By Debra Russell and Jessica Tousignant
The lockdown was a necessary step in the fight against the coronavirus pandemic, but we couldn’t predict what it would mean for businesses. Restaurant owners didn’t know what to expect.
We were so grateful when Seattleites stepped up and supported us by ordering food for takeout. You were patient and generous as we built an entirely new business model. It was a bumpy transition, but you reminded us that we’re all in this together. Even now, your takeout orders are keeping many of us afloat.
But we can’t forget that our members who are hanging on are the lucky ones. One of the most frustrating aspects of the current economic downturn is that we don’t have enough data to understand exactly how bad things really are. It’s unclear how many neighborhood businesses have closed permanently since March.
The clearest overview of the economic impact on businesses nationwide arrived in a recent report from Yelp, which showed that of all the businesses that closed since March , about 61 percent have now closed permanently. That’s 97,966 businesses wiped out nationwide. Due to the customer-driven nature of Yelp’s reporting, this almost certainly represents an undercount—and in Washington, the numbers are likely even worse.
When ordinary people don’t have enough money to spend at local businesses, those businesses don’t make enough money to stay open.
The Yelp data confirms what we have suspected to be true: We’ve already lost half the businesses that had to temporarily close for lockdown, and the rest are imperiled. A majority of Seattle’s neighborhood restaurants will likely close by the end of the year.
Let’s be clear: this isn’t on our customers. They’ve done more than their part to keep us afloat. But the people and organizations who are supposed to use their resources and visibility to stand up for and protect small business have been entirely absent.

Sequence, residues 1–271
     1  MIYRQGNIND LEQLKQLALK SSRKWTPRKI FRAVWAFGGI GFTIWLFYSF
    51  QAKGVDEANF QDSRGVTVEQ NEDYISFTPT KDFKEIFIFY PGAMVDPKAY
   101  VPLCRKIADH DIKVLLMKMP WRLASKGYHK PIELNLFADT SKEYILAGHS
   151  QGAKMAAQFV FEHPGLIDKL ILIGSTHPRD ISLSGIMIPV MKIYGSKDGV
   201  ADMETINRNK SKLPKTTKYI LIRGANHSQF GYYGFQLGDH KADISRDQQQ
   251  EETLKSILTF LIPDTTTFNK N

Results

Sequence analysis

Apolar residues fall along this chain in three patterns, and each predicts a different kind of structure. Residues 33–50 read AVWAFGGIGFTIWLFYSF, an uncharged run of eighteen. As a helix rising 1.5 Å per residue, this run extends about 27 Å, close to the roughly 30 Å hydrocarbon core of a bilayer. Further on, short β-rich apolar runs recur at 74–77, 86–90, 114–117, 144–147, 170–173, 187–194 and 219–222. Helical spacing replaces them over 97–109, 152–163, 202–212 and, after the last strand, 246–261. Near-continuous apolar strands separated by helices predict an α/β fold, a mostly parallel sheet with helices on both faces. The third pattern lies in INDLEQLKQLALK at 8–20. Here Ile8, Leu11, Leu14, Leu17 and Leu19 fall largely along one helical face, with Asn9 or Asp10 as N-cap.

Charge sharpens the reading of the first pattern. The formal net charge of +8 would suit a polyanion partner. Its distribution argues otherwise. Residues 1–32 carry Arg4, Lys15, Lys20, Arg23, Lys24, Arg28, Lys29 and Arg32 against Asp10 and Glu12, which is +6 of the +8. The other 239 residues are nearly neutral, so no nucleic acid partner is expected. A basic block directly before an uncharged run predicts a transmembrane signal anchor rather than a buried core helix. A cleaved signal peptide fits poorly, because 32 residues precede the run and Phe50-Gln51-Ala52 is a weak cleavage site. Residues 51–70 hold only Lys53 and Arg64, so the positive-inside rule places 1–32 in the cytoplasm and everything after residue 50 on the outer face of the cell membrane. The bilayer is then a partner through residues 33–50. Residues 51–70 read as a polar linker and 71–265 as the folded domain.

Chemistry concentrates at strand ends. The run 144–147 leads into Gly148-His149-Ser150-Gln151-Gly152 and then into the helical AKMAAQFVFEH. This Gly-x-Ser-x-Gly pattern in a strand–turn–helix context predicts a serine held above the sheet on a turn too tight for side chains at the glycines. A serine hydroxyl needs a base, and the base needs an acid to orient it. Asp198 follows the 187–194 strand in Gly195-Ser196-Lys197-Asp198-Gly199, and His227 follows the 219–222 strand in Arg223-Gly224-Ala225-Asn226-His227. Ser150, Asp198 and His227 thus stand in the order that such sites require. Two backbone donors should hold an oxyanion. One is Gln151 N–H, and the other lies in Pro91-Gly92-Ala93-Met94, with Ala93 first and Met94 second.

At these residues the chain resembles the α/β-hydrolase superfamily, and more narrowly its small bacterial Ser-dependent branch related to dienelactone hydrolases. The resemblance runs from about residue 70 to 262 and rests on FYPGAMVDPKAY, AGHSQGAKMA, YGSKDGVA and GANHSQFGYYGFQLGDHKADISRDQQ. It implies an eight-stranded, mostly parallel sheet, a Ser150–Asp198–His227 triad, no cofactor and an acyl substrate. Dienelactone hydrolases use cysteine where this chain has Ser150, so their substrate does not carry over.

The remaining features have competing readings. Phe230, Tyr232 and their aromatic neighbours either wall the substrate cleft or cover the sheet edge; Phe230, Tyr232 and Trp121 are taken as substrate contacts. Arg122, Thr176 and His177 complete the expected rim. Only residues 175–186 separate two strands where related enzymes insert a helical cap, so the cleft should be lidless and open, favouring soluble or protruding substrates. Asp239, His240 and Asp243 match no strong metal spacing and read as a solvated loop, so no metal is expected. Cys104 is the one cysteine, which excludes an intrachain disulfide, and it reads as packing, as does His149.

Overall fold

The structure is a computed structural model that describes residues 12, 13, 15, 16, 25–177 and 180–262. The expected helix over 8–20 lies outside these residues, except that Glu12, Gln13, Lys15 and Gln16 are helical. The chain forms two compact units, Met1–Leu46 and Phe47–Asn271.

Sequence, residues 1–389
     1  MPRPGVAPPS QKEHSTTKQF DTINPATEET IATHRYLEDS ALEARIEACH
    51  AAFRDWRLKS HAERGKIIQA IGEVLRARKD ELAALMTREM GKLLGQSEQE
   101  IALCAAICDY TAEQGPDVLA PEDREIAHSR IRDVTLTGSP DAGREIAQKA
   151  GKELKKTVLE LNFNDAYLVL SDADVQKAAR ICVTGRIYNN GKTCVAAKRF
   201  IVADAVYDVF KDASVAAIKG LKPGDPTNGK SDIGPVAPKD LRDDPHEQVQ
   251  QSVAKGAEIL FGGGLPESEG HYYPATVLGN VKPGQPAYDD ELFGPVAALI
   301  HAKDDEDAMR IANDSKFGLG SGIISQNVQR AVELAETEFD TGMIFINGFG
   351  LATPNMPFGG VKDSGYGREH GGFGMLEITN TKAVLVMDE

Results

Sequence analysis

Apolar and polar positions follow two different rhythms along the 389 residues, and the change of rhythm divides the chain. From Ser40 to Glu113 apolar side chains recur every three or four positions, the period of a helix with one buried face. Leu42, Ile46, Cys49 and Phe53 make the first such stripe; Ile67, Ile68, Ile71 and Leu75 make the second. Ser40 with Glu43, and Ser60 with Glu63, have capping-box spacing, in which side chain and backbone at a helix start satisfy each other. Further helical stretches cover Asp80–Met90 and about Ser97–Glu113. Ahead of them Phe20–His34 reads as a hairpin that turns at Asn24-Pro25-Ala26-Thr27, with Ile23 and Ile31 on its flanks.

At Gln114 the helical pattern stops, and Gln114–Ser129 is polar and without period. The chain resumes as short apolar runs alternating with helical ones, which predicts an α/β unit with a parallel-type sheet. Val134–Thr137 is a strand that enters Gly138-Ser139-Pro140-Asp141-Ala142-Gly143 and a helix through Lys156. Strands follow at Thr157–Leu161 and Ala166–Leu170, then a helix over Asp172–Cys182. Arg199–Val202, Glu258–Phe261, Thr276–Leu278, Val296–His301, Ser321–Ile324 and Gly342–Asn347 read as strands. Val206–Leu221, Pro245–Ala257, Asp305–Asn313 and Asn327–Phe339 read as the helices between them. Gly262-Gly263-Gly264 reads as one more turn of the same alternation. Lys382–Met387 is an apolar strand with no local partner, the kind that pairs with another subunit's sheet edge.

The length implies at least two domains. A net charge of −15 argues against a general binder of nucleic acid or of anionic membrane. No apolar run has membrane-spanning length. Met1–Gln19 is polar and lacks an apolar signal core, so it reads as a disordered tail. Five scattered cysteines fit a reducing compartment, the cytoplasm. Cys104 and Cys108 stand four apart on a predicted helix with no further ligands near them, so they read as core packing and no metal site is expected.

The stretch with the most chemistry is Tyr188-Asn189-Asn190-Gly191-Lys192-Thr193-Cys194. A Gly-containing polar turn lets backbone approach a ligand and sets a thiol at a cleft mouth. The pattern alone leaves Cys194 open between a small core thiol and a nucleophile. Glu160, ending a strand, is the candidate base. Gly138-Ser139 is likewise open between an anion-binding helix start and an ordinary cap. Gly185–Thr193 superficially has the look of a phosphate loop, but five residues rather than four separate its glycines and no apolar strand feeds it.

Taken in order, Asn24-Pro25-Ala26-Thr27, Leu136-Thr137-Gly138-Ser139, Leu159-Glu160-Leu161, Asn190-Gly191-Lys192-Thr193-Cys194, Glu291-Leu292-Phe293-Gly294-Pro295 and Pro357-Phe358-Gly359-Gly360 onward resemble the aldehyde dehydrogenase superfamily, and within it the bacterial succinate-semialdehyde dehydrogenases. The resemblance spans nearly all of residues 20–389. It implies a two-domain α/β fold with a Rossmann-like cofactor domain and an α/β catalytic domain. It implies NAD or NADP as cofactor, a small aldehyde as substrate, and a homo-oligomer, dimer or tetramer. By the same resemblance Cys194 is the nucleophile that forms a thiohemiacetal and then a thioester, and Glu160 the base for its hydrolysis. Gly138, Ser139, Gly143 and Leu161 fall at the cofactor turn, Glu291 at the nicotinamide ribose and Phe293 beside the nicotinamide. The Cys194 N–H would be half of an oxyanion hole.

Local leaders claimed we should wait for the federal government to lead the way in the economic response to the pandemic. But the US Senate adjourned for vacation until September 8 without any agreement on a new stimulus plan. Since the additional $600-per-week unemployment benefits written into the last stimulus package were allowed to expire, some of our members report business has dropped by as much as 25 percent. When ordinary people don’t have enough money to spend at local businesses, those businesses don’t make enough money to stay open.
For years, powerful business interests like chambers of commerce, the Washington Hospitality Association, and others have used small businesses as a political football. Today, small businesses are shuttering around Seattle, people are losing their jobs, and these same organizations have quietly looked the other way.
The federal government told states and cities that they’re on their own, and local leaders have failed to step up to fill the void. Mayor Jenny Durkan, for instance, vetoed the expenditure of emergency funds—as though this economic collapse isn’t the biggest emergency most Seattleites have ever seen. (The city council subsequently overturned that veto, but Durkan’s budget would reallocate the money for other purposes.)